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Any organization that uses a website should want to have certain user input to know their needs better. The easiest—not to mention consensual—way to do this is via forms. With a form, you can ask for information like contact details, the visit’s purpose, their needs, etc.

Let’s first see how to create this form in the PowerApps portal:

Create a form

  1. Sign in to Power Apps.
  2. On the left navigation pane, expand Data, and then select Tables.
  3. Select a table, such as the Account table, and then select the Forms area.
  4. Select Add form, and then select one of the following
    • Main form
      The primary form type for interaction by users with record data. The contents of the new form are filled using the existing main form definition. If multiple main forms exist, the form at the top of the list in the form order for your app is used to fill the new form. Learn more about the main forms.
    • Quick Create Form Learn more about quick create forms
    • Quick view form Learn more about quick view forms
  5. On completion of changes to the form, select Save to save the form or select Publish to save and make changes visible to app users.

The challenge comes in the form of data collected with this form. While the questions or fields may be simple enough to fill out, not everyone will fill it out as it should be; nor will people always understand the fields, which will, in turn, result in wrong/unhelpful input.

Apart from unhelpful input, there is also the challenge of having this input be actionable. If your form makes the right connections in the backend, then that data can instantly become information. But it requires a lot of steps to get there.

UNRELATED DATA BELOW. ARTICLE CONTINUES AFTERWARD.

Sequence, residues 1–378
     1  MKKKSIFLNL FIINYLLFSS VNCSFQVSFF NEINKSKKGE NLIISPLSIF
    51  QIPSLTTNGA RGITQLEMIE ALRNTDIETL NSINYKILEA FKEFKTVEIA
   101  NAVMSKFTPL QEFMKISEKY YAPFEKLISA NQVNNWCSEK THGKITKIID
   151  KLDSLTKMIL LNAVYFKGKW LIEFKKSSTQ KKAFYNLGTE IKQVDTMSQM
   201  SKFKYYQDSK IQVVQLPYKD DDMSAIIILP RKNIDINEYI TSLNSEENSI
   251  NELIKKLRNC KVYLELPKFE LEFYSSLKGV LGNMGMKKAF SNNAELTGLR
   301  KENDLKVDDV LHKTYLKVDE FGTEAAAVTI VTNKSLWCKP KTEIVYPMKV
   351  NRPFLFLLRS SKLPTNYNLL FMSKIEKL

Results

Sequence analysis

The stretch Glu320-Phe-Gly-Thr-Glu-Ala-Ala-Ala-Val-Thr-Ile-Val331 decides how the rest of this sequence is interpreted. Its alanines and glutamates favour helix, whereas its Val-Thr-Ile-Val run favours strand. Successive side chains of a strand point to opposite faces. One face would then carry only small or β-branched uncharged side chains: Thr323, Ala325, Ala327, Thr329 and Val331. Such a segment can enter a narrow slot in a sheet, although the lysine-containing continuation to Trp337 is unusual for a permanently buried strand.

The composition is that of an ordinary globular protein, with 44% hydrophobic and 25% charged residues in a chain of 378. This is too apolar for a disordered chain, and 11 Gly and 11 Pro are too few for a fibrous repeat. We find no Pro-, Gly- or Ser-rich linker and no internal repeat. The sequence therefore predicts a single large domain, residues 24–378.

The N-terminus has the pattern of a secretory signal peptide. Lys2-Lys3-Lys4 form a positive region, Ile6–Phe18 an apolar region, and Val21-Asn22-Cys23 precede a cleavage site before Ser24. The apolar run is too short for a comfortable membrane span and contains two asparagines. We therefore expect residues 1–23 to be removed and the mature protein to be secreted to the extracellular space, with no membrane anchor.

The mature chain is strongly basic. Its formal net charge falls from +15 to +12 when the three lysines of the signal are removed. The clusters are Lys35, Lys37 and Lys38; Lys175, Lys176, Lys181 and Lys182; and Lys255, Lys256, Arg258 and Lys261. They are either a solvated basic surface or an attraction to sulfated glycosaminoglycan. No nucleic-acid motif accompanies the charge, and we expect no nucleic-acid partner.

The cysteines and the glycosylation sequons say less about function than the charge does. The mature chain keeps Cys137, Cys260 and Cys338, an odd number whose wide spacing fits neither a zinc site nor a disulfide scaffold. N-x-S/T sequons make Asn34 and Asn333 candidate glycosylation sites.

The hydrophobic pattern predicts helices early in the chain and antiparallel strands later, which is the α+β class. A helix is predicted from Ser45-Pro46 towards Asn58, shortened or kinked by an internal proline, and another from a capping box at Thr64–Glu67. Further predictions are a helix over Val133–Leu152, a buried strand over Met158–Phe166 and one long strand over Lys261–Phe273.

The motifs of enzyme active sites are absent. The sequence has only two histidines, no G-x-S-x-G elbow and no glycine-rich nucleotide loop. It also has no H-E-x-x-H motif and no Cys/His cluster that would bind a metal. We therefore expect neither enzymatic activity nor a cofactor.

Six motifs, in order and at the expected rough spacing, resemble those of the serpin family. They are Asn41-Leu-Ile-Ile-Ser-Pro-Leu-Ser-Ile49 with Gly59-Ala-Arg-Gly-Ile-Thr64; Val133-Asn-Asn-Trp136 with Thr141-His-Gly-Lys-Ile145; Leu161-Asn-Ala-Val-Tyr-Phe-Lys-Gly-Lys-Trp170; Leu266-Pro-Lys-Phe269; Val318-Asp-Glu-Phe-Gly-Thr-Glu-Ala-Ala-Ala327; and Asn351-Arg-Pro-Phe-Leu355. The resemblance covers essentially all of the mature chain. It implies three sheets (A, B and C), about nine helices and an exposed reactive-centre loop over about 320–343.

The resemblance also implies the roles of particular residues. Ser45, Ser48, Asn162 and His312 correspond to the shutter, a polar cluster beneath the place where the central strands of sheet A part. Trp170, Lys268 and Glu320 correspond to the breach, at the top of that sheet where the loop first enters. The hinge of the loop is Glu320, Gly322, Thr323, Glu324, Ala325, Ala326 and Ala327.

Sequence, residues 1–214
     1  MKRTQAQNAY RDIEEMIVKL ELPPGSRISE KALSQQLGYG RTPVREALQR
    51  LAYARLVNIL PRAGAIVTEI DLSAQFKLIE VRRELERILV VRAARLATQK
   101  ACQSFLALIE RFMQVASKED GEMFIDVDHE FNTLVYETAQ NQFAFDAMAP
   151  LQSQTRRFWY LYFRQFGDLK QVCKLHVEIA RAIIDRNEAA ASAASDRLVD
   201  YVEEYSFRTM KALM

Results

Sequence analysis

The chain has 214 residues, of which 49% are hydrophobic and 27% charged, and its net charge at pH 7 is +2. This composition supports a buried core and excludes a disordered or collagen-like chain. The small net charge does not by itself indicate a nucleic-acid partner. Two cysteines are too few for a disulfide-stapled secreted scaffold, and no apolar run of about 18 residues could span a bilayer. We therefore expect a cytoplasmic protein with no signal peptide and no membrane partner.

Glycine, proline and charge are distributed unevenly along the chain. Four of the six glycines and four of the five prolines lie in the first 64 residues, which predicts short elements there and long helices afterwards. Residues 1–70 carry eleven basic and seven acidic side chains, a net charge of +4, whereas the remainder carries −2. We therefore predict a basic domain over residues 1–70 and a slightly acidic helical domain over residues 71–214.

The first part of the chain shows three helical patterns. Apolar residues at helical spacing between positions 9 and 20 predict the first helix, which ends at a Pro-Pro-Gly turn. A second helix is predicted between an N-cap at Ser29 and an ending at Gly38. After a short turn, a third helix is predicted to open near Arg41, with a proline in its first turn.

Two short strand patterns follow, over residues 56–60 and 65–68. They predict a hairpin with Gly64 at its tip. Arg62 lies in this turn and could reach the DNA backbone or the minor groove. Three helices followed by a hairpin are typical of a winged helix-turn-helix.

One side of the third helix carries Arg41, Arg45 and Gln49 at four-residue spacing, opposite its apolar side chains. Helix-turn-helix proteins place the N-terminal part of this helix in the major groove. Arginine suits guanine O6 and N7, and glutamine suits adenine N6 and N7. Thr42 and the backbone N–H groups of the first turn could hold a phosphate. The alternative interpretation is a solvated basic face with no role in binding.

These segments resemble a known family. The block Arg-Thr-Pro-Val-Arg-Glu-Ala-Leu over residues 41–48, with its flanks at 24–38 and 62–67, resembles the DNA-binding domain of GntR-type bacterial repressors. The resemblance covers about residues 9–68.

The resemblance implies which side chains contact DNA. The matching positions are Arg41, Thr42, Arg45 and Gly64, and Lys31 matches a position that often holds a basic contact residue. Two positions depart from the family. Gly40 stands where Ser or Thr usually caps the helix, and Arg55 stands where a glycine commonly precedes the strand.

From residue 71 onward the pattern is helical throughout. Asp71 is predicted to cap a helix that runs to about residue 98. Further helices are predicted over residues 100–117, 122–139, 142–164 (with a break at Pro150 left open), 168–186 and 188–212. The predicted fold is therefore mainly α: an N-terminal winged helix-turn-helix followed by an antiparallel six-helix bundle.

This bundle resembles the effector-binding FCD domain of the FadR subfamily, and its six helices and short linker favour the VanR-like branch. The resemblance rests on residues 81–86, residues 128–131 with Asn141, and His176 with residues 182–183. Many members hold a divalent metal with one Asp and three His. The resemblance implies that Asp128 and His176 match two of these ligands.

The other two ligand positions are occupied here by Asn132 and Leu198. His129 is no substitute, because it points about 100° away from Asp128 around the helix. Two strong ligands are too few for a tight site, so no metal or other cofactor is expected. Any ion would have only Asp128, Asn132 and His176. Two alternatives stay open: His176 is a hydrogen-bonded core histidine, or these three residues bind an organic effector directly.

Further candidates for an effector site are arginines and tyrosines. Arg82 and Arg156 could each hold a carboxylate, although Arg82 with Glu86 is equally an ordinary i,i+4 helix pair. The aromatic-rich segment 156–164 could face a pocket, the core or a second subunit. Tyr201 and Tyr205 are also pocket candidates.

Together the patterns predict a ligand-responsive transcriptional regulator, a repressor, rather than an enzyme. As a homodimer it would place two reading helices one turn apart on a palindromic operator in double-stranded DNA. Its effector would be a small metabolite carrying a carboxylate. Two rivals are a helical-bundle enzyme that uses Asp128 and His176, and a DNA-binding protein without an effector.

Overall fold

As a user of Dynamics 365, you, of course, know that all the data you get, if the input is proper, will give the information and insight you need. Not to mention, it might very well be instantly actionable as it becomes CRM records.

However, all of this starts with ensuring you build the right form.

Those of us who structure forms often know that making one is no easy task. It requires precession, vision, and a result-oriented approach. So you build a form, but not each field can be user-generated in that. Some parts of it your employees might have to fill in.

Now, of course, if you put this entire form out for your customers to see, they will understand that you’re seeking their input for all fields. Another thing that can happen is that maybe they will abandon your website entirely because the form is too lengthy.

So you need to create a special form for the website, one that is easy to fill out, short, and only demands customer input.

With the PowerApps portal for Dynamics 365, you can do this. Your main form is the one in the CRM. Create an extracted copy of that in the PowerApps portal for the user to fill in the details. Once the form receives input, manually copy all those details in the CRM form, thus creating a richer database.

PowerApps portal can duplicate the entire CRM form and publish that for customer input, or you have to create another form that has only the specific fields that you want users to see.

Alternatively, CRMJetty’s PortalXpand has a drag-and-drop form builder, so you can create a customer-facing form directly from the one configured in the CRM, just for the portal. This bypasses the need to create a separate form and ensures all data is manually entered into the CRM.

Data updates directly in the CRM when any user fills the form. In real-time.

The benefit of this is only one: it cuts down on the time and effort in creating a special form and on the time and effort in maintaining CRM records.

There are many other points of comparison between the PowerApps portal and PortalXpand, a Dynamics 365 Customer Portal.

You can request a demo of the product from right here.



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